A scenic view of Sokcho (Sokcho City)
Sokcho Mayor Kim Chul-soo, often spotlighted on media as Poseidon, is well-known for his outstanding water control strategies. Ssangcheon, or two streams that flow down from Seoraksan, is the city’s main source of water. However, its topographical characteristics create a critical weakness. The short river length and steep slope make the streams prone to drought.
Mayor Kim was quick to realize the urgency of the matter. While the Sokcho Purification Plant capacity is 52,000 metric tons, average one-day water supply is 35,411 tons, but supply during water shortage period plunges to 26,335 tons. Kim claimed that it is crucial to replenish at least 9,000 tons per day to make up for the lack.
He went all-out with a small budget and yet came up with various alternative water source solutions. A total of 28 billion won, mostly of national expenditure, is expected to be invested in the maintenance works. This will secure 9000 tons of water per day.
Kim has been carrying out water-saving measures as well since last year. Expected to be completed in 2023, modernizing the local water supply system and repairing old pipelines that will stop water leakage can result in saving 5,000 tons of water each day.
English tour map of Sokcho labeled with must-visit tourist attractions (Sokcho City)
The fast-growing city is now capturing the hearts of tourists from around the world with its natural scenery and unique activities.
One of its biggest merits is the abundance of tourist attractions. The small city has everything a tourist needs to experience from parks, botanic gardens and ecological museums to hot springs, ancient temples and the country’s most famous traditional market.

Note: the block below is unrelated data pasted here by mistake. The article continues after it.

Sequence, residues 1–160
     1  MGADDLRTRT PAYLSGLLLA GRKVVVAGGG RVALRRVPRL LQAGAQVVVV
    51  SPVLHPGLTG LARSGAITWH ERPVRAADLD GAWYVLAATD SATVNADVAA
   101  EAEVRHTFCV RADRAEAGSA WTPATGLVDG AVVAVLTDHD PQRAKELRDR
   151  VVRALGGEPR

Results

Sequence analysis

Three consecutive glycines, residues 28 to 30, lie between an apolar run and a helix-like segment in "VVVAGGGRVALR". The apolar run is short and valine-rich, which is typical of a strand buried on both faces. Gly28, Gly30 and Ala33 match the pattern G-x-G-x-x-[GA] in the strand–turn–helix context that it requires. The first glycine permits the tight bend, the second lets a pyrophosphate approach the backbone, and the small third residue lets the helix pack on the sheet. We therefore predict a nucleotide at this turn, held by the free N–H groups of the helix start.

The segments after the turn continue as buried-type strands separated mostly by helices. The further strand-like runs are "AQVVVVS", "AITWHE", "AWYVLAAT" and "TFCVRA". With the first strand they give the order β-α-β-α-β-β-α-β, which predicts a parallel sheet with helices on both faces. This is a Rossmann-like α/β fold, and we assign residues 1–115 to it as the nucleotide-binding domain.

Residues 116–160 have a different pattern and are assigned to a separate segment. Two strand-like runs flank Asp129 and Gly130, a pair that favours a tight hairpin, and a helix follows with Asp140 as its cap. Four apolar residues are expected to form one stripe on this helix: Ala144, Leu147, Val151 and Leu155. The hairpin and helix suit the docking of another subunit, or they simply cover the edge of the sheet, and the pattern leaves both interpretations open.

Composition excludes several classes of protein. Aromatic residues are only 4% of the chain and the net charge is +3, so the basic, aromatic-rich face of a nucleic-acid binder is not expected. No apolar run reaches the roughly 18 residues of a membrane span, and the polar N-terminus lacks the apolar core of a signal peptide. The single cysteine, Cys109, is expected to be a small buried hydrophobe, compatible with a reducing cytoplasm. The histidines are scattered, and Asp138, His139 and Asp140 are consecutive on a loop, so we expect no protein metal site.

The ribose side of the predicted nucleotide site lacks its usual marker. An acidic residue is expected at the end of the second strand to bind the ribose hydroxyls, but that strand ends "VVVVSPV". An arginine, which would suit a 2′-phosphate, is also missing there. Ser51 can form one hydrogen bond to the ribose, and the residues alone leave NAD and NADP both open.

Some of the most popular sites are Seoraksan, Cheoksan Hot Springs, Abai Village, and Yeonggeumjeong. Yeonggeumjeong in particular is gaining popularity among foreign tourists for it is the best spot to gaze out at the East Sea. The wide-open view and murmurs of the sea make it a peaceful relaxation spot.
People at Sunrise Festival gather on the Sokcho Beach to celebrate the New Year. (Sokcho City)
Sokcho is also renowned for the four-season tourism. Blessed with four beautiful seasons, the city provides variety of different activities all year long: teatime and cherry blossom sightseeing in the spring, dynamic activities such as scuba-diving and Jangsahang Port Catching Squid with Bare Hands Festival in the summer, cable car ride at Seoraksan the fall, and the Sunrise Festival in the winter that brings thousands of people from all over the country around the end and beginning of a year.
Above all, Sokcho is a city fitted with all the convenient facilities and easier access. Thanks to Seoul-Yangyang Expressway and plenty of franchises, the beautiful city provides excellent accessibility and comfort that helps visitors from the metropolitan area feel at home.
By Park Joung-kyu (firstname.lastname@example.org
) & Kim Tae-eun (email@example.com